Re: Dark reaction of gum coating
Yes--when I kept gum papers around for several days. Actually, I could get by in dry MT that is 15% to 30% humidity (winter/spring) with up to 6 days before exposure (not that that was a good thing), but MN in the summer with 80% humidity was no good for keeping paper any length of time. How you can test it (very easy!) is take a coated piece of paper, put in a light tight photo black bag, and just leave it in your humid garage in the dark for several days. Then expose your gum print and see what you get--usually a verrrrry flat image where the highlights don't clear much. Humidity, heat, and time are all three responsible for the acceleration of this.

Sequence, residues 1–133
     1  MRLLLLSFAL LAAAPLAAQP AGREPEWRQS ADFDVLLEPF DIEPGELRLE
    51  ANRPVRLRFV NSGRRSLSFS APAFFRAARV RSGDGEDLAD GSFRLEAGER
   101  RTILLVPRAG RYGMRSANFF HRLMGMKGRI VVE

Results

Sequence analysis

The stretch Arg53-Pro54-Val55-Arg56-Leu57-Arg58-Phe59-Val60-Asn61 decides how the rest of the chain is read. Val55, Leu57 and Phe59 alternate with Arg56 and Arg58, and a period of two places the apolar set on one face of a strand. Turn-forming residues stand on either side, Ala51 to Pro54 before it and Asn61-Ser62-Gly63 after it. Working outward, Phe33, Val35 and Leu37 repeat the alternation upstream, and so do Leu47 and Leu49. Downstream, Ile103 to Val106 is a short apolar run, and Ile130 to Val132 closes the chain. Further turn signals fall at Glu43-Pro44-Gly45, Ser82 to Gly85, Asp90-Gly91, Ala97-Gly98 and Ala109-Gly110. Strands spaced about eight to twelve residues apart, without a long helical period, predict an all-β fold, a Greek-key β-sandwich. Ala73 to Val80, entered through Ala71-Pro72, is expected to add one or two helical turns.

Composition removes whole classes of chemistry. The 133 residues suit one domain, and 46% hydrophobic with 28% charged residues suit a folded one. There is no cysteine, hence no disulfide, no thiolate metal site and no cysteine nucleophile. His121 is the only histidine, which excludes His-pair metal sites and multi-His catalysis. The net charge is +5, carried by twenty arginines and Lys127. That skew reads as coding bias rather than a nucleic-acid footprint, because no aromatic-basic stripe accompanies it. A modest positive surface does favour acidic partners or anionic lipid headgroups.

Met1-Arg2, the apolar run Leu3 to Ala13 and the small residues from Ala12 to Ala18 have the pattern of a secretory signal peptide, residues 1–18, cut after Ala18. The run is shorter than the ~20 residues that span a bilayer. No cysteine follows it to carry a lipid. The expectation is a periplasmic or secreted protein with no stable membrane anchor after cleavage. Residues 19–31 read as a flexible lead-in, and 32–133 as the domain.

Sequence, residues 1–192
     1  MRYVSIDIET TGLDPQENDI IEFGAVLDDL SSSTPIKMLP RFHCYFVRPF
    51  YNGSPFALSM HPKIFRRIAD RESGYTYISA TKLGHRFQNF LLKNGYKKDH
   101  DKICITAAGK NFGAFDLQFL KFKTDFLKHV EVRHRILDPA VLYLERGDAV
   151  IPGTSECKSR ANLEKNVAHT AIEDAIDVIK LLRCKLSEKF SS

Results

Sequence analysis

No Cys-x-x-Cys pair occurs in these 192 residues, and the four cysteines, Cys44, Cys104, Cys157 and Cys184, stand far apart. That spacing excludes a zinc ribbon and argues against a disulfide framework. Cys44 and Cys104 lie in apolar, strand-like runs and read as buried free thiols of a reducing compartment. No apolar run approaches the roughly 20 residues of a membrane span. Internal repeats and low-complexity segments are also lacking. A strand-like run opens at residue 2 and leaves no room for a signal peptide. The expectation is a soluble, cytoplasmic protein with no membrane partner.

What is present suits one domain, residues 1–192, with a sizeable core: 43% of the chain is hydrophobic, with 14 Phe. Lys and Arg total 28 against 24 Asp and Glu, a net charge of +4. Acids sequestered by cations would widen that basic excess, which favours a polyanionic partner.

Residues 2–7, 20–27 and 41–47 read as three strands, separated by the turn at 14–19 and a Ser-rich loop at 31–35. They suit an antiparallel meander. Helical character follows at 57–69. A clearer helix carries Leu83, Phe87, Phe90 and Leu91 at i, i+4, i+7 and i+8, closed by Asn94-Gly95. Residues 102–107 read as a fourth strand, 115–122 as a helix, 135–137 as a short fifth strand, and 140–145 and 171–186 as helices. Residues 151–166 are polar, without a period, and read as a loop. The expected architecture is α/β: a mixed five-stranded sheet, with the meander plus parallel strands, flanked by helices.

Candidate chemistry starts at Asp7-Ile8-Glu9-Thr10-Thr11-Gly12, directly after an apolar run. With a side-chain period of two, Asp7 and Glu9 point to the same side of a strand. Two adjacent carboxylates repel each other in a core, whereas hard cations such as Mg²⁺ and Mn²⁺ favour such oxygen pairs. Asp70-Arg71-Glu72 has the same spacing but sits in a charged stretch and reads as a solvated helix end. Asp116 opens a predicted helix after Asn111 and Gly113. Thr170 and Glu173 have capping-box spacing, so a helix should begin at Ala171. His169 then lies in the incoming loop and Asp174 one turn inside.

Back in the day they used to use continuing action to expose their prints! They would expose for part time, then leave it sit for some days, then develop, to get the layer to "stick" better. But of course this is different than what you are talking about with dark reaction where no light occurs.
I actually had a day in MT this summer where the humidity was as high as 50% in the house!! But usually we are semi-arid.
----- Original Message ----- From: "Don Bryant" <email@example.com>
Sent: Thursday, August 02, 2007 10:49 AM
Subject: Dark reaction of gum coating
Hi Listers, I'm curious if anyone who prints with gum emulsions can say if they have actually encountered dark reaction. And if so under what circumstances did that occur? Thanks, Don Bryant